(Springfield, IL) – With universities facing declining enrollment amidst a historic budget crisis and mounting pressure of student debt, a trio of House Democrats announced on Tuesday a plan to make a community college and university education virtually free for all low and middle-income Illinois students who earn a “B” or better grade point average.
The plan, House Bill 1316, provides an “affordability grant,” capped at $4,000 annually, per eligible, continuously enrolled student who earns a B or better G.P.A. and whose family earns less than $125,000 annually. The grant would be applied to the recipient’s tuition and fee costs, after the application of other institutional and family-certified aid. The bill would also provide debt relief to recent college graduates.
This new grant program will provide either “free” tuition and fees at a community college or public university or a significant contribution toward such expenses, according to the bill’s sponsors.
“Under Bruce Rauner, Illinois is hurtling toward a busboy economy because he has financially strangled and destabilized Illinois’ higher education system, causing schools to buckle and students to flee the state,” said the bill’s chief sponsor, House Deputy Majority Leader Lou Lang (D-Skokie). “Our ‘B or Better’ college bill is a dramatic rescue and reinvestment in state universities and community colleges by rewarding students who earn good grades with grants that, in most cases, will provide free tuition throughout their higher education career.”
Lang estimates that the legislation will cost approximately $300 million in the first year.
State Rep. Christian Mitchell (D-Chicago), the co-chief sponsor of the measure, said that the legislation is a centerpiece of House Democratic efforts to “revive Illinois manufacturing” and job growth by providing a major boost to the state’s college system.
“The answer to growing jobs in Illinois isn’t stripping protections for workers – it’s investing in higher education,” said Mitchell. “Our state universities and community colleges are the steel mills and coal mines of Illinois towns, generating more than $50 billion in economic activity. By investing in our universities and channeling talented students into specialized community college vocational programs, Illinois will address the ‘skills gap’ in Illinois that leaves many jobs unfilled – a problem especially acute for folks outside of Chicago, and for people of color.”
Mitchell pointed to a 2015 Manufacturing Institute report that found that 72% of U.S. manufacturing executives cited community college vocational programs as their second most important strategy to “mitigate the effects of skills shortages.”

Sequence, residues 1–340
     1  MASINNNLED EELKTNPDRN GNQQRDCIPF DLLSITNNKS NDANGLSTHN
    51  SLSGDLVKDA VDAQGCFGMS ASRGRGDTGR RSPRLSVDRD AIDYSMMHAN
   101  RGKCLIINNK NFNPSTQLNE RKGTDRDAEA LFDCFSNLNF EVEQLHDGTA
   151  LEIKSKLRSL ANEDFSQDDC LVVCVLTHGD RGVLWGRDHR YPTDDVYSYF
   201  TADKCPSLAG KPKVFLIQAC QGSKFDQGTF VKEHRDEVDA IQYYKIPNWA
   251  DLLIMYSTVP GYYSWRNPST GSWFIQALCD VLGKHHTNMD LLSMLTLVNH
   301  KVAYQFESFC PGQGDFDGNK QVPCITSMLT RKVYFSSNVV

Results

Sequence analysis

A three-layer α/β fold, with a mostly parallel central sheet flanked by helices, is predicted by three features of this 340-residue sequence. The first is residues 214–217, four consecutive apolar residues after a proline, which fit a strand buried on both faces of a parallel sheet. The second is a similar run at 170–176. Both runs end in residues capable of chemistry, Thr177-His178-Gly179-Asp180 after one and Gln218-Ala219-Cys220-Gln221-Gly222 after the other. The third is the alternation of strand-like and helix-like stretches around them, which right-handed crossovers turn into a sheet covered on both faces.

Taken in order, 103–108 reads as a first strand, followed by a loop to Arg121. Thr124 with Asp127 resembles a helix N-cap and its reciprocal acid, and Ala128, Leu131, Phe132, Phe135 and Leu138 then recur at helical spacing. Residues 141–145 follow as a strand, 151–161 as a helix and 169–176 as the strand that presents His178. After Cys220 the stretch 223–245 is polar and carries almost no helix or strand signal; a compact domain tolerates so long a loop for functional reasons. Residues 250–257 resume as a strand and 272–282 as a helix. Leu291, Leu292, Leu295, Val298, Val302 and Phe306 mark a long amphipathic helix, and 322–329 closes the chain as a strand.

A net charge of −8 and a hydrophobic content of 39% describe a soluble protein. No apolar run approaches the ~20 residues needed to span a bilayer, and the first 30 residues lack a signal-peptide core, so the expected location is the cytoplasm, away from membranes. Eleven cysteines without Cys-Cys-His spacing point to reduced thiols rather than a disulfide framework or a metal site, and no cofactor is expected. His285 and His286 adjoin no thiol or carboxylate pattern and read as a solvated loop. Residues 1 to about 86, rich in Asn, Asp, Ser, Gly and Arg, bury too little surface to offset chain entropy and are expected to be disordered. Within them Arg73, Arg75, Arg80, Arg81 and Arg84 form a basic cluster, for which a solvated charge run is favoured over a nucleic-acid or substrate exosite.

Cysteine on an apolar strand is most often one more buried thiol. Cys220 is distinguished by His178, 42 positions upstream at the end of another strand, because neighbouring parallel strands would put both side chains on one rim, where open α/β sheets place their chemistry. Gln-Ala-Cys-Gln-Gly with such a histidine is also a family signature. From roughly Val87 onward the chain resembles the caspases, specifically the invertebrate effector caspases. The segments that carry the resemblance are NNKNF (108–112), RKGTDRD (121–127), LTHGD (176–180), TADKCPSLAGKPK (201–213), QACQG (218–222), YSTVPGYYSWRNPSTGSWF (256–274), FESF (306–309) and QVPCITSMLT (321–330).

Mitchell also cited the role that the Rock Valley Community College recently played to bring the operator of a $40 million jet repair hub, AAR, Corp., to the Chicago Rockford International Airport, an investment that will create 500-plus jobs.
“In a July 14, 2016 story, the Rockford Register Star reported: ‘What ultimately convinced AAR executives to bet on Rockford was Rock Valley College’s decision to expand its aviation maintenance program. The college built a $5.1 million, 40,000-square-foot training center that allows it to produce more certified Airframe & Powerplant mechanics for AAR and the region’s aerospace and aviation cluster,’” said Mitchell. “A skilled, community college-trained workforce, not term limits, is what job creators are clamoring for.”
A report by the American Association of Community Colleges showed that in 2012 alone “the net total impact of community colleges on the U.S. economy was $809 billion in added income, equal to 5.4 percent of GDP. Over time, the U.S. economy will see even greater economic benefits, including $285.7 billion dollars in increased tax revenue as students earn higher wages and $19.2 billion in taxpayer savings as students require fewer safety net services, experience better health, and lower rates of crime.”
Guzzardi warns that Illinois’ higher education is “in danger of extinction,” pointing to an “exodus” of both professors and a net emigration of 12,700 students in 2014, a 70 percent increase over the last 10 years.
“Higher education in Illinois is in danger of extinction,” Guzzardi said. “Because of the state budget crisis, we’re seeing an exodus of both students and of respected professors. Meanwhile, high tuition is crushing families with debt or keeping them out of higher education altogether.”
“Our ‘B’ or Better’ legislation will lift the burden of debt from the shoulders of the next generation of students,” Guzzardi said. “The prospect of free tuition will draw families and businesses to come to Illinois and students to attend our excellent universities.”
The lawmakers are seeking a vote in the House on legislation before the May 31 adjournment deadline.